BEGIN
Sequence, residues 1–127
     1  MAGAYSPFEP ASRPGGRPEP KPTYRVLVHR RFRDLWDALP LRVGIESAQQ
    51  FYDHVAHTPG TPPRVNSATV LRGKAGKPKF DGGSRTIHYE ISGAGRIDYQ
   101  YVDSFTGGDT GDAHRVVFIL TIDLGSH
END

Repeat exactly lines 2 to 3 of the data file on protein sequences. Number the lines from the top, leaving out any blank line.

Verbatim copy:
     1  MAGAYSPFEP ASRPGGRPEP KPTYRVLVHR RFRDLWDALP LRVGIESAQQ
    51  FYDHVAHTPG TPPRVNSATV LRGKAGKPKF DGGSRTIHYE ISGAGRIDYQ